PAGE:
Product-Service System (PSS) Design for Sustainability for undergraduate design students. The method is transferable
to other disciplines as well.

Authors: Ravi Mani

Professional design has become a forceful, persuasive and omnipresent reality of contemporary world by influencing
patterns of human consumption and aspirations. This influence is not limited to the clients or the consumers, but
impacts the society and environment at large—local as well as global levels. A professional designer plays a pivotal
role in creating the ‘world by design’, and, hence, shares the social responsibility of the larger consequences of the
process/act of design. Therefore, it becomes important to examine the values imparted to design students, the future
design professionals.
Design education programmes generally claim to impart values of sustainability as social responsibility of designers.
Does this intent get manifested in their course curriculums and actualised in the pedagogies? The paper addresses
this question by examining the role of design education programmes and the challenges in imparting the
values of sustainability as social responsibility of designers.

Authors: Sanjeev Bothra

With the growing importance of resonating products with human behaviour, the upcoming field of Design for
Sustainability (DfS) is reorienting itself from a ‘technical and product-centric focus towards more socio-technical
systems’ wherein people, their interactions and behaviour play a crucial role. Scholarships in DfS have introduced a
multitude of frameworks for sustainability-orienting design such as Methodology for System Design for Sustainability,
Circles of Sustainability and LEED. However, during our experience of teaching these methodologies to Design
undergraduate students, we observed that the frameworks, often fell short in fostering a “designerly way” of thinking
and doing amongst novice designers. They struggled to see open space within these guidelines to explore, experiment
and tinker. Hence, we designed a method, LaMPS (Locally available Materials, Practices and Skills), which
could be used as a precursor to the more system oriented DfS course and can be introduced to students during their
1st Design Methodology course at the undergraduate level. LaMPS integrates observational studies and material exploration
and characterisation using the Material Driven Design method, and translation of the same into products.
LaMPS stresses on identification and incorporation of local materials, local skills and local practices, the three keystones
of Distributed Economy (DE), in the designed system. Hence it serves as an introduction to the DfS course
in the lines of DE.

Authors: Prarthana Majumdar, Sharmistha Banerjee, Purvish Mahendra Shah, Vidushi Singh Pundir,  Ankit Chowdhury, Simran Agarwal, Suneet Shukla, Jan-Carel Diehl, J.M.L.van Engelen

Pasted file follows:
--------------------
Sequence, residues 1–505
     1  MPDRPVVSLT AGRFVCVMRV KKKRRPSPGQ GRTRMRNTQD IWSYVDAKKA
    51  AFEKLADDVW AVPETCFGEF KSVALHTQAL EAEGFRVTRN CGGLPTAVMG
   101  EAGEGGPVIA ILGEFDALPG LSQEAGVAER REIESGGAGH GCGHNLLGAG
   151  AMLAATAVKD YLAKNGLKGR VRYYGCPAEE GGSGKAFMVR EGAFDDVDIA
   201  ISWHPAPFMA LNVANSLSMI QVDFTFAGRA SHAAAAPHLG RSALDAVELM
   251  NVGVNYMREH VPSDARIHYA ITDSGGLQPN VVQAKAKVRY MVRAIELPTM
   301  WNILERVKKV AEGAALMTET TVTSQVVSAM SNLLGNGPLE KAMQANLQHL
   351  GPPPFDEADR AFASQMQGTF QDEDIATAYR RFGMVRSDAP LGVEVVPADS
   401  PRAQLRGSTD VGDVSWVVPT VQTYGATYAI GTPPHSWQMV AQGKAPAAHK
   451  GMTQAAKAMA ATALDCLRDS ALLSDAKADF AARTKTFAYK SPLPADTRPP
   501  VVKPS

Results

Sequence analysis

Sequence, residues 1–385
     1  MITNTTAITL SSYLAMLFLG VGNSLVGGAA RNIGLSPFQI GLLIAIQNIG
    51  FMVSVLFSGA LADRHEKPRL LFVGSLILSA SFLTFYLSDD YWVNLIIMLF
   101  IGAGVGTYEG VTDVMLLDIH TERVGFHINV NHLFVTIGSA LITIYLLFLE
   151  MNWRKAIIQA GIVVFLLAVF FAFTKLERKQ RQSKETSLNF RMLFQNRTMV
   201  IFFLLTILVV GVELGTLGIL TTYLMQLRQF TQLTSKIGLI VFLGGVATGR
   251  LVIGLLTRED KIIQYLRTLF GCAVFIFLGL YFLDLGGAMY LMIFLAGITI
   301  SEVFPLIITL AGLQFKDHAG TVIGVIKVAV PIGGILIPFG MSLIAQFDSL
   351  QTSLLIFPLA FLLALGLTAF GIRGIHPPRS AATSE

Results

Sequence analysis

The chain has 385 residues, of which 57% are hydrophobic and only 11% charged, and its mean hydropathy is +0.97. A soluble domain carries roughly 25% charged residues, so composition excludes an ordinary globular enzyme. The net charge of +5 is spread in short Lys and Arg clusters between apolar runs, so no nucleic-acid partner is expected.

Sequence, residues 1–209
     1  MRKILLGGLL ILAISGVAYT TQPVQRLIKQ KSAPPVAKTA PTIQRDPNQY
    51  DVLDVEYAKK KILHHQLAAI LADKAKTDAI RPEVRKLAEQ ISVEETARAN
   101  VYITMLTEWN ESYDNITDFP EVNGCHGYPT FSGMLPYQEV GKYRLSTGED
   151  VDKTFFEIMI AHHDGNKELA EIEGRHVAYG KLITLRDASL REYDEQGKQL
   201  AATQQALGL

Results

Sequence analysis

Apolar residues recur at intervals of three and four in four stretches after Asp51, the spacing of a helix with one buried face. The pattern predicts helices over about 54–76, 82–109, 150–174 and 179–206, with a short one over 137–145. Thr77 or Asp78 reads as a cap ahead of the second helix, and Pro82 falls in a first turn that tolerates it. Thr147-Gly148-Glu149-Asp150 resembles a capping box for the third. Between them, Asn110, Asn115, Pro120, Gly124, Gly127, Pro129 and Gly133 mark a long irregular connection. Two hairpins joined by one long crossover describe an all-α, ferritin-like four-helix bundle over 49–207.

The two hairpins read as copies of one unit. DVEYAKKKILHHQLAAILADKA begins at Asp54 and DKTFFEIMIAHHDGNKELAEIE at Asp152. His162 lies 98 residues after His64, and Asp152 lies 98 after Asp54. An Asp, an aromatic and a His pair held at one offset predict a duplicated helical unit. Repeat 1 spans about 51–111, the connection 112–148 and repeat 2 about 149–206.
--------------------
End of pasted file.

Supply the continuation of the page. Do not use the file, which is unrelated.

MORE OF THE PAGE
The paper discusses a new approach to eliminate Cut and Sew Waste (CSW), at the construction stage of garment-
making called DPDC, a synthesis of designing, pattern-making, draping and cutting & incorporating zero-
waste techniques using one-piece fabric. The objective is to create an open source of templates for the design
community to integrate in their pattern-making frameworks. Taking reference from step-by-step origami, using only
a rectangle or a square paper as the starting point, the translation of folds from paper onto fabric led to interesting
discoveries in terms of construction and wearability. Since the construction of the garment follows a very simplistic
approach, it moulds in accordance with the wearer’s body. In addition to effective fabric management, this technique
offers production and financial incentives in terms of fabric utilisation.

Authors: Pragya Sharma

Plastic is synonymous with the industrial revolution of the 20th century. However, it has earned a reputation as being
hazardous to the environment. It is not the material that is truly a hazard but the way we choose to use it.
An alternative ideology to the utilization of plastics is that of the former Communist German Democratic Republic
(GDR). Plastics and design were interlinked with the political discourse and helped shape a breed of frugally
innovative designers. Plastic came to be viewed as a valuable commodity for producing products built for durability.
Socialist ideology on design overlaps with the current ideology on sustainable design.
The main question addressed is; with the imminent spread of the internet, knowledge is more accessible and
less commodified. Infrastructure complementary to socialist design ideologies is now available to a much larger part
of the population. Hence, are socialist design ideologies of the past viable choices for sustainable design solutions for
a post-capitalist future?

Authors: Aniruddha Gupte